Investigating the role of TGFβ in the functional imprinting of pulmonary macrophages in health and disease
Dr Calum Bain
University of Edinburgh
All tissues of the body are populated with a mixture of immune cells that help protect the body from invasion by microbes. In many tissues the most abundant immune cell is the macrophage. Literally meaning ‘big eater’, macrophages capture and destroy microbial intruders, but also clear dead cells and orchestrate tissue repair after injury or infection. However, in some people the tissue repair functions of macrophages can become uncontrolled leading to excessive repair, unconstrained scar formation (fibrosis) and organ dysfunction. Idiopathic pulmonary fibrosis (IPF) is an incurable, devastating, deadly disease where progressive scarring of the lung is believed to be driven by overactive macrophages. Importantly, macrophages are very flexible cells and are easily influenced by their environment.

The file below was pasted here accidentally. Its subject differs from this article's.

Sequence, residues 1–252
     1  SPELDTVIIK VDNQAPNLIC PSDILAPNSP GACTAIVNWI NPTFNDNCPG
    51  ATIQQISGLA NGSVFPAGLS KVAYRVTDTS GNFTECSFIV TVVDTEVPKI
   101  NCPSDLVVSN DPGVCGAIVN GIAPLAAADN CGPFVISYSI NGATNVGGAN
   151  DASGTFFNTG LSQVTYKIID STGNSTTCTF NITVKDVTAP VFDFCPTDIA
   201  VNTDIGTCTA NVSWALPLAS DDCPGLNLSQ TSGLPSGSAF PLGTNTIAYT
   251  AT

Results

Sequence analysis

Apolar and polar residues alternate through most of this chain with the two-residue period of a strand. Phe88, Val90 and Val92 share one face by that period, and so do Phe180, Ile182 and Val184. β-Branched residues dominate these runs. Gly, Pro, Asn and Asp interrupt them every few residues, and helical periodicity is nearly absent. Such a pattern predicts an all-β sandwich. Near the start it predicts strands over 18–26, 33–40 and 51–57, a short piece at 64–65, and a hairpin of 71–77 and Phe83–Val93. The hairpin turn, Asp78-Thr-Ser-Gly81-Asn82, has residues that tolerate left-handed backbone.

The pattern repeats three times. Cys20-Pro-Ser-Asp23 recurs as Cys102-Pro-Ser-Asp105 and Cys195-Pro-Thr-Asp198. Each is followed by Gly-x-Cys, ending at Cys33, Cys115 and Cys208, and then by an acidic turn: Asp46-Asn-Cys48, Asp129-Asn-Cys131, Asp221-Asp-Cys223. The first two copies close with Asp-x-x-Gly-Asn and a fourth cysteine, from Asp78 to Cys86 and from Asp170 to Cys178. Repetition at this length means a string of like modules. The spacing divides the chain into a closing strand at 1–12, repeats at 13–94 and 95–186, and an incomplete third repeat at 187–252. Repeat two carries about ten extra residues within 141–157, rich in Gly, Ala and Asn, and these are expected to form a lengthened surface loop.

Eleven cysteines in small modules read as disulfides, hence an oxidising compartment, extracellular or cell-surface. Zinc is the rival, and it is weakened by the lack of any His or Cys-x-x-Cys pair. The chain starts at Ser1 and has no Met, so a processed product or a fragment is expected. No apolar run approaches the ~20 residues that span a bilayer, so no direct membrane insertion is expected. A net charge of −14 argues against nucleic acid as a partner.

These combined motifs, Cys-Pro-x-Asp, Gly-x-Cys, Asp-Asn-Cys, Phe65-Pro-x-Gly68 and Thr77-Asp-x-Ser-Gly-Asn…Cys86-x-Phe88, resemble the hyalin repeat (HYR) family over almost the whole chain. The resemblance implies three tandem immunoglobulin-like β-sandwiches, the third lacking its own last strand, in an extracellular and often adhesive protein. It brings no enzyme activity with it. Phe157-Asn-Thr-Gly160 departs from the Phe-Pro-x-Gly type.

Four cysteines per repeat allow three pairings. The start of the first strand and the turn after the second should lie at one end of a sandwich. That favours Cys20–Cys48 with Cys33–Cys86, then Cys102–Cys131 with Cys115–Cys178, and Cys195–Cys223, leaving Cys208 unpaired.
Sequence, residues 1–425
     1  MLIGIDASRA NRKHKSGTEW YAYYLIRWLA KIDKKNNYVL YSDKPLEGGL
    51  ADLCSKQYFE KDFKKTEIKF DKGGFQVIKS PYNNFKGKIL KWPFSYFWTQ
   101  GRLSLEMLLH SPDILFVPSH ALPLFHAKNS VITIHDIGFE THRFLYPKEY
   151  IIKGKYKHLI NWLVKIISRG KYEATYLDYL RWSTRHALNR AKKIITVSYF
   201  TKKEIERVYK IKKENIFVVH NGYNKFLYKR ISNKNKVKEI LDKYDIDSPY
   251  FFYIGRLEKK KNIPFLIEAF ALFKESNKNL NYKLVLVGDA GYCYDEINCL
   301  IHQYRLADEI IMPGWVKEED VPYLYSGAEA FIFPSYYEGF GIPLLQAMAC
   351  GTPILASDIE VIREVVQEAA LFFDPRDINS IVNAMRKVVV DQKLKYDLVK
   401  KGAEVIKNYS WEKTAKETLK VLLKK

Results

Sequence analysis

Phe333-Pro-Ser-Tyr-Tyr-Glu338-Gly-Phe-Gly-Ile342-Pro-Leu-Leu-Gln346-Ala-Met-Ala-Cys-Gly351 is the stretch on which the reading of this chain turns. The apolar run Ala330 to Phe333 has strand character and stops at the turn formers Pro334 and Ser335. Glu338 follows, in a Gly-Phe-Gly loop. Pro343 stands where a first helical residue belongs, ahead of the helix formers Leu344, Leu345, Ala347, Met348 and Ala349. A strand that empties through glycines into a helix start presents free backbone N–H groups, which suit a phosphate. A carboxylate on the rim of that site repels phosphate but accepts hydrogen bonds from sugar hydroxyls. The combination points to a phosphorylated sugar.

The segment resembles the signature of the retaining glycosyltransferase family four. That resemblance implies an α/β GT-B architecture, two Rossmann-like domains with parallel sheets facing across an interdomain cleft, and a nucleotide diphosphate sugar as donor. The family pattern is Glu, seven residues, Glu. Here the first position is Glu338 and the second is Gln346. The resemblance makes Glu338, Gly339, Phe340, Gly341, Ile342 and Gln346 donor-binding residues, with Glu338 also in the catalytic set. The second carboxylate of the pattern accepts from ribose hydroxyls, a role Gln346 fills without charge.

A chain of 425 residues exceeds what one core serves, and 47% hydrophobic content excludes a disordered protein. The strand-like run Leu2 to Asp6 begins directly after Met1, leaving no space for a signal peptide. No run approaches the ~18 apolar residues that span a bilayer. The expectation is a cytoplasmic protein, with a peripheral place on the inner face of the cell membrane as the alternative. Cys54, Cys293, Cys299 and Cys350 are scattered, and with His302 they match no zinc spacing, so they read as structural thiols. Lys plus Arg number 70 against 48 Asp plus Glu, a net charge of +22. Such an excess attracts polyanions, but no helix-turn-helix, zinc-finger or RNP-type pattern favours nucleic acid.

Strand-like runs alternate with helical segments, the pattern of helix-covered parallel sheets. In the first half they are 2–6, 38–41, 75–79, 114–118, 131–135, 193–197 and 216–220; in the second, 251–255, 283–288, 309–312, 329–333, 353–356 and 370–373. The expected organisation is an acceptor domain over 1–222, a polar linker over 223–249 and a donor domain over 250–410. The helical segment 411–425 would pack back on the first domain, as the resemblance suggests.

The aim of this study is to understand the signals that dictate macrophage behaviour in the normal lung and during successful tissue repair so that these signals can be promoted or targeted when macrophages begin to behave abnormally in disease.